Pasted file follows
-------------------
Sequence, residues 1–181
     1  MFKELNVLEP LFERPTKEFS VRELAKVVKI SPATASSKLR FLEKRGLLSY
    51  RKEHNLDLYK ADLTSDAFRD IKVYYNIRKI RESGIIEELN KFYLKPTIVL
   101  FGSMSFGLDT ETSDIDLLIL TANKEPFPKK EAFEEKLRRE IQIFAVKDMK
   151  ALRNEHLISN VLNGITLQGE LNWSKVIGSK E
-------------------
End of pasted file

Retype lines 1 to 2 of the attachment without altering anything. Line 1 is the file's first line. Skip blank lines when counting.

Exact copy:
Sequence, residues 1–181
     1  MFKELNVLEP LFERPTKEFS VRELAKVVKI SPATASSKLR FLEKRGLLSY